At present, the world has opened the new era of the ‘Asian Century’ whereby Asia, once again, has a crucial role in socio-cultural dialogues. Thailand, as an ASEAN member country, strives to  move forward by engaging in the cooperation with countries and institutions outside the region for regional and global sustainable development. I am delighted that, next year, ASEAN will celebrate the 25th Anniversary of diplomatic relations with India, together with the continuing partnership for development. Also, the Mekong-Ganga cooperation in the cultural framework has flourished since its start in 2000. Added to the sub-regional cooperation, Thailand and India are moving towards the bilateral governmental Programme of Cultural Exchange in the next three years.

Not only preserving the past, Thailand has also moved forward by recapturing the ancient Indian cultural heritage and transforming it into cultural capital for creative economy.From ASEAN cultural exhibitions, ASEAN film festivals and many more,these cultural activities are presentation of ASEAN identities which have been creatively developed from Indian cultural heritage.

On the special occasion of the 70th Anniversary of the establishment of Thailand-India diplomatic relations in 2017, Thailand reaffirms her readiness and willingness to continue to strengthen and further enhance cultural relations with India. As part of the celebration,Thailand,in appreciation of India’s cooperation, is mounting a temporary exhibition of the precious artefacts on loan by India, which would be put on public display.  This exhibition will be an important testimony  to the fruitful cultural cooperation and exchange between our  two nations,  which will also greatly benefit our respective peoples.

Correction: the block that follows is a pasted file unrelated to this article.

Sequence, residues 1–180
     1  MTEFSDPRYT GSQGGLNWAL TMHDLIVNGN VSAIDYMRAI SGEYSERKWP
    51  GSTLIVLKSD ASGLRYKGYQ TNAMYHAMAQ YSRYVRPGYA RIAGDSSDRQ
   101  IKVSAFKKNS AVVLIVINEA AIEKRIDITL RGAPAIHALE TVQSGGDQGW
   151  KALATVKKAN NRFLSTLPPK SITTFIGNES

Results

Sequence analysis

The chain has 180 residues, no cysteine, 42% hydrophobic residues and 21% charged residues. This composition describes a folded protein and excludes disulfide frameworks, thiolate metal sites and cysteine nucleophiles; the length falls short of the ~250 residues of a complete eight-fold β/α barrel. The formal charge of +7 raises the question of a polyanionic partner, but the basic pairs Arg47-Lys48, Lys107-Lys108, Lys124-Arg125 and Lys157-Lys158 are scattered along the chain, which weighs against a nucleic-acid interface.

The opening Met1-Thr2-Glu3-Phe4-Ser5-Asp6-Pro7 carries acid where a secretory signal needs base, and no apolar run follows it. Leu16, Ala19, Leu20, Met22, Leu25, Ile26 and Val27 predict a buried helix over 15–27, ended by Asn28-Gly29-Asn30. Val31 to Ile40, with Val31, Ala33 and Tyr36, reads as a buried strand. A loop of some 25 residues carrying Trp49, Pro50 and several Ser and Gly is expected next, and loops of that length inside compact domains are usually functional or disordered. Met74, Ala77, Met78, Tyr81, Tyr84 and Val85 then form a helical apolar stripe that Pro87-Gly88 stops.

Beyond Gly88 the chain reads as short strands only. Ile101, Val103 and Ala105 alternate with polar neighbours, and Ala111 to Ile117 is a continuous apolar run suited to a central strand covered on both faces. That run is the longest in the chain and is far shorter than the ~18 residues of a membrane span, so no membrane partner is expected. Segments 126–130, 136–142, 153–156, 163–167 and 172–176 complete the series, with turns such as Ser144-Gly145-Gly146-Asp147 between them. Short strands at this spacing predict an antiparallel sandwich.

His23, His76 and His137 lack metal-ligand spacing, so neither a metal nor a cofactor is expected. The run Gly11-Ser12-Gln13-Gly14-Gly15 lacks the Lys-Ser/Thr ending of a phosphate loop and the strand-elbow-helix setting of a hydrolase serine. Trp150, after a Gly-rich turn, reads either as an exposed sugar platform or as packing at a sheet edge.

Finally,  I would like to take this opportunity to thank the India Foundation and all the agencies involved for organizing this strategically important Conference. I strongly believe that the vision and the geocultural issues and challenges discussed during this Conference will lead to the expected goals of regional sustainable development and peace in the wider Indian Ocean Region in the long run.

(The article is the gist of the keynote address delivered by H.E. Mr.ViraRojpojchanarat, Minister of Culture of Thailand at the plenary Culture Session at Indian Ocean Conference on 2nd September 2016)